All you need to know about the Employment Claims Tribunals
On 1 April 2017, the State Courts launched the Employment Claims Tribunals (“ECT”) to take over the function of resolving salary-disputes from the Labour Court at the Ministry of Manpower. Disputes pertaining to transfer of employment under section 18A of the Employment Act (Cap 91, 2009 Rev Ed), claims for workmen’s compensation and claims for non-salary related disputes will continue to be heard at the Labour Court. The ECT thus provides a similar platform to the Small Claims Tribunals where efficiency and low-cost in resolving disputes are the main objectives.
This article explores:
- the jurisdiction of the ECT;
- types of claims that fall outside the jurisdiction of the ECT;
- powers of the ECT;
- implications for businesses; and
- implications for Professionals, Managers and Executives (“PMEs”).
Jurisdiction of the ECT
The ECT is established under the Employment Claims Act 2016 (“the Act”). According to the Act, the ECT is empowered to hear all claims listed in the Second Schedule of the Act pertaining to the Employment Act, the Retirement and Re-employment Act, and the Child Development Co-Savings Act.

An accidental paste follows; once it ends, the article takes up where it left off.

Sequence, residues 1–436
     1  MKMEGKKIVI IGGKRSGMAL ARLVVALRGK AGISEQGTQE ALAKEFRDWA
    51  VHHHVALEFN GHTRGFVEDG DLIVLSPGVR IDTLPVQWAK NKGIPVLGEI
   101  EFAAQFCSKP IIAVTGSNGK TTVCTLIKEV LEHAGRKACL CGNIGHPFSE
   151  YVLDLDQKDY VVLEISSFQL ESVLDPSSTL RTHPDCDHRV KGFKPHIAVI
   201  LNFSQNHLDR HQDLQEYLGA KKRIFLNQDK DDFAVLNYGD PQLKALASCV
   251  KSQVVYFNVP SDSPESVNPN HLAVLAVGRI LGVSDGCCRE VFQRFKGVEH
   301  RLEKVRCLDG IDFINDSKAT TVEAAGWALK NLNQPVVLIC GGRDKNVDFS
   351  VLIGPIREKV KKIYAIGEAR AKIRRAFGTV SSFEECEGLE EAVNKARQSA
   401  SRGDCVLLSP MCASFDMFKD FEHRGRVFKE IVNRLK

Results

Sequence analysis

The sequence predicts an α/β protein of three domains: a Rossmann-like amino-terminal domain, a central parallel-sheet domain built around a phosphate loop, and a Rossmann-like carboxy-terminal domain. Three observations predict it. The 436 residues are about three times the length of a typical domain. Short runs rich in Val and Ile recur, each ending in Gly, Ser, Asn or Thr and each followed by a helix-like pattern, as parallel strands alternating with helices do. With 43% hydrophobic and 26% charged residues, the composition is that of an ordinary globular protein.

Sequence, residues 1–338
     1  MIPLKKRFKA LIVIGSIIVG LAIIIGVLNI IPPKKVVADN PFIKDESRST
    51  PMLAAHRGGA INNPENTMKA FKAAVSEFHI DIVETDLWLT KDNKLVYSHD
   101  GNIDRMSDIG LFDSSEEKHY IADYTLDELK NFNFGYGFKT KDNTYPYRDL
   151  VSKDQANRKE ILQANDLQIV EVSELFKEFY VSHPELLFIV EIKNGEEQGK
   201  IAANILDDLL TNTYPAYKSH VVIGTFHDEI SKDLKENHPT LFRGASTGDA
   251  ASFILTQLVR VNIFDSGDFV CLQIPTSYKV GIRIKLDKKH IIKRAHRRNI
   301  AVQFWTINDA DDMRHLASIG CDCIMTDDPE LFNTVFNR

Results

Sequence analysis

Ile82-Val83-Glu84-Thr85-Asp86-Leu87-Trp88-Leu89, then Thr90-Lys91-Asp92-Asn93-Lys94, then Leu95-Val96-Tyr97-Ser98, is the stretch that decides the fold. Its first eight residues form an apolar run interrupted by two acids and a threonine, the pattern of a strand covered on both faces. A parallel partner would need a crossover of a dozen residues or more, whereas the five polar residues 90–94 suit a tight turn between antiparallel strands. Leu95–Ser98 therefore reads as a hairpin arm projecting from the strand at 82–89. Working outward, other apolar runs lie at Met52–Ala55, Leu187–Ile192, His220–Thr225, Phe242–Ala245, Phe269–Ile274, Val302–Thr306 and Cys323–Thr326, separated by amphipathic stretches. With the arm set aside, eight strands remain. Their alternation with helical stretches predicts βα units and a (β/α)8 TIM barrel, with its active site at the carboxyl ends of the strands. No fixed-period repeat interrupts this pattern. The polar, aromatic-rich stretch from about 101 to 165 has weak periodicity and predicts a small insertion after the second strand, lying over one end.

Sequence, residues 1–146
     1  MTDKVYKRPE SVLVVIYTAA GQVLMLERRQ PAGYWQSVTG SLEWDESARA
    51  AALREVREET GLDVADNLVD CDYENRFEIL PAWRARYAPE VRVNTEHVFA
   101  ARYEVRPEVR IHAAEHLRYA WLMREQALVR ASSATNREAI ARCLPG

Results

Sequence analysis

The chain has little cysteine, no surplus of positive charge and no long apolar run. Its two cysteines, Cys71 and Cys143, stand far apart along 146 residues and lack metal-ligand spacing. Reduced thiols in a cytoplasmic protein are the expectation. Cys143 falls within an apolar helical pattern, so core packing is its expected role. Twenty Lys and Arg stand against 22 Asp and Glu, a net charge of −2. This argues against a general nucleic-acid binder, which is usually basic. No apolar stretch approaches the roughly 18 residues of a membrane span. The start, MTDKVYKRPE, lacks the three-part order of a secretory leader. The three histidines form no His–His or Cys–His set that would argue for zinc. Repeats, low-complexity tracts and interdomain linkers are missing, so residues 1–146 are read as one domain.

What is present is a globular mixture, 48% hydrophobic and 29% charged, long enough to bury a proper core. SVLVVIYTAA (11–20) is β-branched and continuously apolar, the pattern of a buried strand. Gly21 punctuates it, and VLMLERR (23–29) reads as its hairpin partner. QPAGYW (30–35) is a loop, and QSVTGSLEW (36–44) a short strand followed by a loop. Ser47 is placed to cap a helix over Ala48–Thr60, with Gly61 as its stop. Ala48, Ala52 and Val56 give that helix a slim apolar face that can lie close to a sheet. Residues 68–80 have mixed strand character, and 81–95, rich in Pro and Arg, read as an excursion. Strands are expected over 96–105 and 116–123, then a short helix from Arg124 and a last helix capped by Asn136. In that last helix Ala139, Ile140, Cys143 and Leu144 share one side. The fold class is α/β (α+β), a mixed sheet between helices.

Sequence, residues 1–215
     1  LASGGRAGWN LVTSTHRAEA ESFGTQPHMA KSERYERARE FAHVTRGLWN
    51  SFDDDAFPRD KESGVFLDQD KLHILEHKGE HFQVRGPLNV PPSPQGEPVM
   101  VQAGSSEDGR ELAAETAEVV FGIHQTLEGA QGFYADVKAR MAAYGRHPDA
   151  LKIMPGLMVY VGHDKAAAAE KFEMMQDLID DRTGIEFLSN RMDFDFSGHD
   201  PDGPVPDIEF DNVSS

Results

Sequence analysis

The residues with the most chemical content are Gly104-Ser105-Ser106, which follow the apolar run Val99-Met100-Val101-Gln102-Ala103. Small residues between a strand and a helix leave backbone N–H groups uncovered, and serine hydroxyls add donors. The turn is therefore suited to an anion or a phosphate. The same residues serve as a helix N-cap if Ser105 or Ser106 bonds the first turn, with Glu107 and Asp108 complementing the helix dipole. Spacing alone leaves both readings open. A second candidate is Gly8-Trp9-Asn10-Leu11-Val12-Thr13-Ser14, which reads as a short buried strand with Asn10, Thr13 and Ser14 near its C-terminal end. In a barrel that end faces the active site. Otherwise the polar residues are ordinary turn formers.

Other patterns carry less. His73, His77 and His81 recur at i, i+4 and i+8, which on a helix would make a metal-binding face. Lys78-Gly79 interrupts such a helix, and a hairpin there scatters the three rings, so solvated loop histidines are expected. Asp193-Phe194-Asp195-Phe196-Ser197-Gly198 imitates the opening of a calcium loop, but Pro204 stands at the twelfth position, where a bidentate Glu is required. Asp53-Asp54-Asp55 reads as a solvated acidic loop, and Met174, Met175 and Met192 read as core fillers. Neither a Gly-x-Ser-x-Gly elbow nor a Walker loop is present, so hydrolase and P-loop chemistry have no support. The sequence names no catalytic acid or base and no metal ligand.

Maximum Limit of the Claim
The maximum limit of the claim cannot exceed $20,000 at the ECT. However, the maximum amount is increased to $30,000 if the employee, attends the mediation session conducted by the Tripartite Alliance for Dispute Management (“TADM”) or if the dispute has undergone mediation assisted by the trade unions.
If your claim exceeds the maximum limit stated above and if you still wish for your case to be heard at the ECT, you must abandon the excess amount. For example, if your claim is $50,000 and the maximum applicable limit is $30,000, you must agree to abandon the excess amount of $20,000 for the ECT to hear your claims. The abandoned excess amount is not claimable in any tribunal or court.
If you do not wish to abandon the excess amount, you may wish to consider seeking legal advice from our employment lawyers to pursue your claim in the civil courts.